Kangaroo steamer was a colonial adaptation of the traditional British dish of jugged hare and involved slowly cooking kangaroo meat with bacon and other seasonings. The dish would be cooked in a glass jar or earthenware vessel and sealed so it could be stored for an extended period.

Engaging with Indigenous food methods

One of the few cookbook writers to fully engage with Aboriginal people and their food methods was Wilhelmina Rawson. Born in Sydney, Rawson spent long portions of her life in northern and central Queensland.

State Library of NSW

It was here that she began gathering the recipes that would appear in her first cookbook, Mrs Lance Rawson’s cookery book and household hints, first published in 1878.

This book holds the distinction of being the first cookbook written by a woman in Australia. From the outset, Rawson noted the abundance of edible native ingredients that her readers could rely on such as kangaroos, bush turkeys and bandicoots. She urged her readers not to think of these foods as ingredients of last resort but rather, to consider them as a “sumptuous repast” not far from their kitchen.

Rawson’s adventurous palate extended beyond fauna and included such things as wild mushrooms and the young shoots of the rough leaved, fig tree which had been pointed out to her by Aboriginal informants.

In her 1895 book The Antipodean Cookery Book, Rawson noted that “I am beholden to the blacks for nearly all my knowledge of the edible ground game” and that “whatever the blacks eat the whites may safely try”.

Rawson’s relationship with Aboriginal people was complex and nuanced. Demonstrating an understanding of the dispossession of land occurring in Queensland at the time, she wrote sympathetically of

The lessons white men should learn from the blacks before the work of extermination which is so rapidly going on has swept all the blacks who possess this wonderful bush lore off the face of the earth.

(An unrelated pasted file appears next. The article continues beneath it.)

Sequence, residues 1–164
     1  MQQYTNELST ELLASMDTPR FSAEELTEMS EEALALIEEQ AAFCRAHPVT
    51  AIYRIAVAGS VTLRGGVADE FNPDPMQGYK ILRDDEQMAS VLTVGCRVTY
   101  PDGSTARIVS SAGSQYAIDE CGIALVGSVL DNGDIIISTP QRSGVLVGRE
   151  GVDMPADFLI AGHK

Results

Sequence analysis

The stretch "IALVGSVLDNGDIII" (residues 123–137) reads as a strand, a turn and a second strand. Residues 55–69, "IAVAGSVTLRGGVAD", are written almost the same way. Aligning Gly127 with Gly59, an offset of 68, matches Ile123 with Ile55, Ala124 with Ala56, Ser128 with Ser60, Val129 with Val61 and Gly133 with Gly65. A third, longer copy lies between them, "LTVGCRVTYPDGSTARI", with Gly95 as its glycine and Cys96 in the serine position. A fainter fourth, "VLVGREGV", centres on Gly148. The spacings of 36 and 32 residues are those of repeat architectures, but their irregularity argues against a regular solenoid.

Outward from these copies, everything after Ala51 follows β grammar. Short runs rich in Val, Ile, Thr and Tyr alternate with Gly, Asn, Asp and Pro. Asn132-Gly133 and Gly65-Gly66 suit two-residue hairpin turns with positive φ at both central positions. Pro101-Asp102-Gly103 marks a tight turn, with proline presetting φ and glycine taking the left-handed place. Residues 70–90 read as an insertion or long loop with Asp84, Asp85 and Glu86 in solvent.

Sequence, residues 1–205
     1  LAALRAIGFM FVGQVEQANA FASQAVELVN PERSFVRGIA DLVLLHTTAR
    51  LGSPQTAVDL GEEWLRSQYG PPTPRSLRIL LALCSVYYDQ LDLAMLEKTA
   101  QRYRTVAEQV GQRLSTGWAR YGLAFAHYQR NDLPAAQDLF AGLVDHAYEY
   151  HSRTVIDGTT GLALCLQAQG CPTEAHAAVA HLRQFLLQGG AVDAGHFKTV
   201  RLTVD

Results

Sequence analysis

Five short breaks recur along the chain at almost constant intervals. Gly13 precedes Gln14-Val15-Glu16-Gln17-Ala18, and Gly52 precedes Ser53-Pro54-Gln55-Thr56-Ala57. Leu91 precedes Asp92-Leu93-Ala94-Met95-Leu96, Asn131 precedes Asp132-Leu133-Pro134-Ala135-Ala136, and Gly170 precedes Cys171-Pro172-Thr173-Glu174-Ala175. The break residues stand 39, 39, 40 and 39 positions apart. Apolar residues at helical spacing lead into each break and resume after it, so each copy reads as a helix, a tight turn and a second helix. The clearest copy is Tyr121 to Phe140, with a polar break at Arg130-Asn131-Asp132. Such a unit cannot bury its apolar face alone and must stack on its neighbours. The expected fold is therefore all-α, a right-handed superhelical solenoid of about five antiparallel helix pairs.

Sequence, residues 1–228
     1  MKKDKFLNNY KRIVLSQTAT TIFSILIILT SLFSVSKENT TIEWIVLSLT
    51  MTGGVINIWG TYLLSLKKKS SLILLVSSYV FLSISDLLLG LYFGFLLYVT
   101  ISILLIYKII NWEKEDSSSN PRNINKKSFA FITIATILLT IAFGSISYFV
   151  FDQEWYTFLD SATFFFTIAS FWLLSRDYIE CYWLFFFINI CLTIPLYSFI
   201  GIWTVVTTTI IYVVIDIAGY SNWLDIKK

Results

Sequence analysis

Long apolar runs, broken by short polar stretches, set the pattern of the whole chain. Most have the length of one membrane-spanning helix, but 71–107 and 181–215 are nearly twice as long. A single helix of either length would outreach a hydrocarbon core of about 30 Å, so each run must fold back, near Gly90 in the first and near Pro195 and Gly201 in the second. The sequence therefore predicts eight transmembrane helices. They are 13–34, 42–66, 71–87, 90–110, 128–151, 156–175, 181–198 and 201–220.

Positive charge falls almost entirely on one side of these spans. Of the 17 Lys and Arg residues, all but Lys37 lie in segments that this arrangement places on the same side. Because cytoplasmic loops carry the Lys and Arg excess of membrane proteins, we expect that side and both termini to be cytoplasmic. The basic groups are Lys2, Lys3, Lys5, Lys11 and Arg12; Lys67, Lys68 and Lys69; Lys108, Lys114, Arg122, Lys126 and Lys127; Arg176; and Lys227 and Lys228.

Here she was voicing common sentiments about the predicted demise of the Aboriginal race. Rawson’s long periods of living in remote rural locations throughout Queensland had most likely placed her in closer contact with Aboriginal people than cookbook writers who lived in towns or cities.

British settlers, especially those living away from metropolitan centres, consumed native ingredients both out of choice and out of necessity for most of the 19th century.

However, this consumption was mediated by deeply held cultural prejudices. The transformation of native ingredients into recognisable British dishes can be regarded as part of the broader colonising process taking place.

The Conversation

Blake Singley, Curator, Australian National University

This article was originally published on The Conversation. Read the original article.

Top Image: Tea and Damper by A . M. Ebsworth. From Digital Collection of the State Library of Victoria.

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Can we be Australian without eating indigenous food?

American food historian Waverley Root once wrote:

food is a function of the soil, for which reason every country has the food naturally fit for it.

Every country, that is, except Australia.

By Australian food we mean the plants, fruits and animals that have grown here and sustained the indigenous people of the land for over 50,000 years. If we eat only the food brought by the first settlers and all those who followed, can we call ourselves Australian?

The British who colonised – or invaded – Australia arrived with an intact culture, which included their cusine. They brought with them the fruit, vegetables and livestock from their home. From the outset, they imposed that food and food culture on their new land and, to their detriment, its original inhabitants.

They ignored the intricate environmental management of indigenous peoples, a management that heavily informed their world view. Historian Bill Gammage argued in The Biggest Estate on Earth (2011) that for the original inhabitants “theology is fused with ecology”. The colonists overlaid an alien system of agriculture which began the process of ecological imbalance in which the continent now finds itself and began exporting back to Europe the European foodstuffs they planted and raised. And, for around 150 years, we adhered to the diet of the first settlers.